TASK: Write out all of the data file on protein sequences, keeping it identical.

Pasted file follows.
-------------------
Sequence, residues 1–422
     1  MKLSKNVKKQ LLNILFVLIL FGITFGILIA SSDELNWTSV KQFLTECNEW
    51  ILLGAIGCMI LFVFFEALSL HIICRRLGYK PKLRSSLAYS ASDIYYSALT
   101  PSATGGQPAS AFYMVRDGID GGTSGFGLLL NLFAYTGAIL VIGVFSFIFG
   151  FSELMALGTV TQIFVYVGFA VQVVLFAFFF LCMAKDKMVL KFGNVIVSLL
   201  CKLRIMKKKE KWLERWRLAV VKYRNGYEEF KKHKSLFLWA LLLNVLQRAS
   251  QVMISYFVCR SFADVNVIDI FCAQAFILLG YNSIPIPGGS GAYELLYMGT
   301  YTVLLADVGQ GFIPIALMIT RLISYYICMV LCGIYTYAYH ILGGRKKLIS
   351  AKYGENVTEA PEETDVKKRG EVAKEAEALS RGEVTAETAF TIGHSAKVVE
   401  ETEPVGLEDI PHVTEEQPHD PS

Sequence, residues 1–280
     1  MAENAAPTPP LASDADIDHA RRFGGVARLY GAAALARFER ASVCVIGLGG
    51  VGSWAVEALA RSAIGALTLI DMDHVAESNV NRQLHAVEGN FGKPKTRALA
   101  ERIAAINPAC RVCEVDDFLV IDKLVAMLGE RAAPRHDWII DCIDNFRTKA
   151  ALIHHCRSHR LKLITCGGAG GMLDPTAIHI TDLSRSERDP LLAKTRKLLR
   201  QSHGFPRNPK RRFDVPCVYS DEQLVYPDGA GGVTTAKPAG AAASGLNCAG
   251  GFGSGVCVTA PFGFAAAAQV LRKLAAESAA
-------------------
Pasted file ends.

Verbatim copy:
Sequence, residues 1–422
     1  MKLSKNVKKQ LLNILFVLIL FGITFGILIA SSDELNWTSV KQFLTECNEW
    51  ILLGAIGCMI LFVFFEALSL HIICRRLGYK PKLRSSLAYS ASDIYYSALT
   101  PSATGGQPAS AFYMVRDGID GGTSGFGLLL NLFAYTGAIL VIGVFSFIFG
   151  FSELMALGTV TQIFVYVGFA VQVVLFAFFF LCMAKDKMVL KFGNVIVSLL
   201  CKLRIMKKKE KWLERWRLAV VKYRNGYEEF KKHKSLFLWA LLLNVLQRAS
   251  QVMISYFVCR SFADVNVIDI FCAQAFILLG YNSIPIPGGS GAYELLYMGT
   301  YTVLLADVGQ GFIPIALMIT RLISYYICMV LCGIYTYAYH ILGGRKKLIS
   351  AKYGENVTEA PEETDVKKRG EVAKEAEALS RGEVTAETAF TIGHSAKVVE
   401  ETEPVGLEDI PHVTEEQPHD PS

Sequence, residues 1–280
     1  MAENAAPTPP LASDADIDHA RRFGGVARLY GAAALARFER ASVCVIGLGG
    51  VGSWAVEALA RSAIGALTLI DMDHVAESNV NRQLHAVEGN FGKPKTRALA
   101  ERIAAINPAC RVCEVDDFLV IDKLVAMLGE RAAPRHDWII DCIDNFRTKA
   151  ALIHHCRSHR LKLITCGGAG GMLDPTAIHI TDLSRSERDP LLAKTRKLLR
   201  QSHGFPRNPK RRFDVPCVYS DEQLVYPDGA GGVTTAKPAG AAASGLNCAG
   251  GFGSGVCVTA PFGFAAAAQV LRKLAAESAA